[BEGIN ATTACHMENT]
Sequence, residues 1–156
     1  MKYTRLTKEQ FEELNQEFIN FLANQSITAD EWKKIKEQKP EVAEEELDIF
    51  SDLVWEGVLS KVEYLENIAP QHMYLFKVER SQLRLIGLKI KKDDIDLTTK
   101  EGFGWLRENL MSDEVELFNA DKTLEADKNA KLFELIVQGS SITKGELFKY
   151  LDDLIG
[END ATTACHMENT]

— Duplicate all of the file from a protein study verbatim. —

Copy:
Sequence, residues 1–156
     1  MKYTRLTKEQ FEELNQEFIN FLANQSITAD EWKKIKEQKP EVAEEELDIF
    51  SDLVWEGVLS KVEYLENIAP QHMYLFKVER SQLRLIGLKI KKDDIDLTTK
   101  EGFGWLRENL MSDEVELFNA DKTLEADKNA KLFELIVQGS SITKGELFKY
   151  LDDLIG